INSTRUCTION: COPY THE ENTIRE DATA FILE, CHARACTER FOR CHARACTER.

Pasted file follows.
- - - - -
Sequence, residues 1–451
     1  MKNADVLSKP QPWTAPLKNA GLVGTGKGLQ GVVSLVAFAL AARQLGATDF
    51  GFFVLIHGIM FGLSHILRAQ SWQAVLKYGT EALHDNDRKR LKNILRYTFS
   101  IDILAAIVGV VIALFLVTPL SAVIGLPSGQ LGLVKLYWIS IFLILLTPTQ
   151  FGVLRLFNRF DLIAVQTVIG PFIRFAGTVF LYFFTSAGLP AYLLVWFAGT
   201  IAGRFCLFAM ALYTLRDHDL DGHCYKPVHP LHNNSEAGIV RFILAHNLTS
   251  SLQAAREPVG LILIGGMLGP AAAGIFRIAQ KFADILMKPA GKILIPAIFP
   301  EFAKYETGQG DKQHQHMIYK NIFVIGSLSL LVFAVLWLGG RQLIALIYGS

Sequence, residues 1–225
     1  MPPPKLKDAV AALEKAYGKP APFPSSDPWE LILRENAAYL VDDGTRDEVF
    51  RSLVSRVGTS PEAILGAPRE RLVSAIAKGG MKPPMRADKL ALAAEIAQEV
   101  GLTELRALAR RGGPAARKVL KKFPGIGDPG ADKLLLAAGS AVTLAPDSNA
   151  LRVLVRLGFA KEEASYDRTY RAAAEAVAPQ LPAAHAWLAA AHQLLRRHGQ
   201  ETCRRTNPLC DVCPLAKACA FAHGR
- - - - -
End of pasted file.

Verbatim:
Sequence, residues 1–451
     1  MKNADVLSKP QPWTAPLKNA GLVGTGKGLQ GVVSLVAFAL AARQLGATDF
    51  GFFVLIHGIM FGLSHILRAQ SWQAVLKYGT EALHDNDRKR LKNILRYTFS
   101  IDILAAIVGV VIALFLVTPL SAVIGLPSGQ LGLVKLYWIS IFLILLTPTQ
   151  FGVLRLFNRF DLIAVQTVIG PFIRFAGTVF LYFFTSAGLP AYLLVWFAGT
   201  IAGRFCLFAM ALYTLRDHDL DGHCYKPVHP LHNNSEAGIV RFILAHNLTS
   251  SLQAAREPVG LILIGGMLGP AAAGIFRIAQ KFADILMKPA GKILIPAIFP
   301  EFAKYETGQG DKQHQHMIYK NIFVIGSLSL LVFAVLWLGG RQLIALIYGS

Sequence, residues 1–225
     1  MPPPKLKDAV AALEKAYGKP APFPSSDPWE LILRENAAYL VDDGTRDEVF
    51  RSLVSRVGTS PEAILGAPRE RLVSAIAKGG MKPPMRADKL ALAAEIAQEV
   101  GLTELRALAR RGGPAARKVL KKFPGIGDPG ADKLLLAAGS AVTLAPDSNA
   151  LRVLVRLGFA KEEASYDRTY RAAAEAVAPQ LPAAHAWLAA AHQLLRRHGQ
   201  ETCRRTNPLC DVCPLAKACA FAHGR